From October 19 to 26, we toured parts of Nagasai and Kumamoto prefectures by bike. Sasebo-Shimabara-Amakusa-Aso-Shimabara-Sasebo, about 450km in total.
Day 1. We got to Sasebo by the afternoon ferry. After getting ourselves helmets and lights at Arcenciel, we stayed with friends Jill and Hisashi who run Happy Trails Coffee in the area. The next morning started with the first good coffee in two months (since Vienna where I was before coming back to Japan), which made me very happy. Jill sent us off with a piece of homemade chocolate beet cake that later saved my life.
We went over Mt. Yahata to avoid the busy traffic. It was steep and I was cursing while pedaling but the peaceful mikan (Japanese citrus) orchards on the mountain comforted me. By the time the view of Omura harbour appeared, I had forgotten the weight of the pedals. The day ended with another steep hill up to the Notake campsite, during which I had to walk my bike a lot.
The next day we biked through Omura, Isahaya, then onto Shimabara peninsula. The campsite at the southern tip of the peninsula was supposed to be closed but the town office said we could use it. Biking on the west coast of the peninsula in the sunset was nice, especially with our feet feeling the onsen steam coming out of the ground in the town of Obama. It was a tease to pass the onsen town, but we still went to one by the campsite (for 100 yen! it was during their customer appreciation week, lucky us).
Day 3. The initial plan was to cross to Kumamoto from Shimabara. But in the morning we found out about a ferry from Minami Shimabara, where we were, to Amakusa, an island connected to the mainland of Kumamoto by five bridges. The next thing we knew we were in Amakusa. We biked along the north coast of the island on “Tako Kaido”, the Octopus Road. We passed by numerous signs and monuments for the octopus, and tasted octopus-soy sauce ice cream, hmm. We stayed at a campsite on the little island of Nogama, between Amakusa and the mainland. Expensive, but an interesting site with a cluttered office/kiosk that reminded me of a beach house from the old days.
Day 4. The rain started at night and was still drizzling in the morning. Soon after we took off, we came across a wood-fired oven in operation.
The Kamiamakusa city staff was firing it for pizza making in their cooking class. It was the type with a fire box underneath the baking chamber, which looked a little strange to me for a pizza oven, but was a nice scene to bump into.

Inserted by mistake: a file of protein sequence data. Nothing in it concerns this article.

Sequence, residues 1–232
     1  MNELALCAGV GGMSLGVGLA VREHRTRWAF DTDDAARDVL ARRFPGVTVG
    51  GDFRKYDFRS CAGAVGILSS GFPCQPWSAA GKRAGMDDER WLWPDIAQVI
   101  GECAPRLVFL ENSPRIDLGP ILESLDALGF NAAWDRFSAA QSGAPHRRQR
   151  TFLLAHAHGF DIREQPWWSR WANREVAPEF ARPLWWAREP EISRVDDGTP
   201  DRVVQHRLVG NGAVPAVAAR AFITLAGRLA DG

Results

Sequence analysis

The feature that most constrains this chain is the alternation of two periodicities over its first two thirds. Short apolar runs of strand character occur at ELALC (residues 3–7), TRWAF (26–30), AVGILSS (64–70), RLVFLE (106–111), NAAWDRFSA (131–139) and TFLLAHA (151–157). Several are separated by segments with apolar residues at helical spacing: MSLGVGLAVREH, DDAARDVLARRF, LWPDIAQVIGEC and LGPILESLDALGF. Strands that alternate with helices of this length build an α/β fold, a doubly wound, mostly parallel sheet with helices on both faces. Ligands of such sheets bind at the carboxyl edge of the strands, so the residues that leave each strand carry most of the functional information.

Then we headed towards the mountains of Kumamoto to visit a tea farm. I was scared of uphills but it was just the last 10-15 km that were all uphill, and they weren’t very steep. And the area was beautiful. I breathed in the air that became dense and yet clear as we went deep into the mountains. When there was no car driving by, I could hear the silence of the woods.
The Yamato region suffered from a lack of water until the Tsujun aqueduct was built in 1854. This largest stone aqueduct in Japan made the rice terraces that are now listed as an Important Cultural Landscape possible. The Shimodas run an organic rice and tea farm, along with dried persimmon production in the fall. Mrs. Shimoda is also the chief librarian of the town and Mr. Shimoda is the kind of person who designs and builds everything by himself. Their workload seemed to be insane at times, but their circular life and the beauty of the landscape grabbed my heart. It felt like everything I had associated with the word “satoyama” was there in front of my eyes.
The next morning we biked up to Takamori at the southeastern foot of outer Aso, then back down towards the city with the Aso peaks on our right. There were two tunnels with sidewalks so narrow that we had to walk our bikes. It’s no fun walking in the tunnels, especially since one was 2070m long, but we got through it and stayed at a campsite up on a hill (very steep, thought I’d fall back down with my bike). My left leg started hurting from being overused.
Day 6. We started making our way back to Sasebo. Having had no food for breakfast, we started and ended up riding all 35 km to Kumamoto port before breakfast. There is an expression in Japanese “asameshi-mae (before-breakfast work)”, which means easy-peasy, but this one was a bit more than that. We took the fast ferry to Shimabara and decided to bike to Isahaya city where we’d find a cheap hotel. Three hours later in Isahaya city, we were debating whether to camp somewhere in the park or go find a hotel. The idea of a cheap hotel was less exciting than illegal camping to me, but sleeping in a city park still didn’t seem appealing. So when Brett put out his “crazy idea” of continuing our way, it not only sounded far better than the other two options but genuinely exciting. Riding and walking all night, slowly, with lots of breaks and a good dinner somewhere along the way. No time constraints since we just had to make it to the 10:35 am ferry, which was 16 hours away. By this point my left knee and ankle hurt no mater what position I took, but it was okay. I felt light and free, happy to experience the night road that truck drivers and youth get to see. It was a lovely night, we rode and walked the 55km slowly in the moonlight. By the time we got into the city around 3 am I was having a sleep attack and the park bench felt like the best bed ever.
So that was my first long(ish) bike trip. I did occasionally hate the uphills, being cold, leg/butt pain and all, but not enough to give up what I saw and felt. Rural Japan is full of gorgeous and insightful places! (and vending machines…)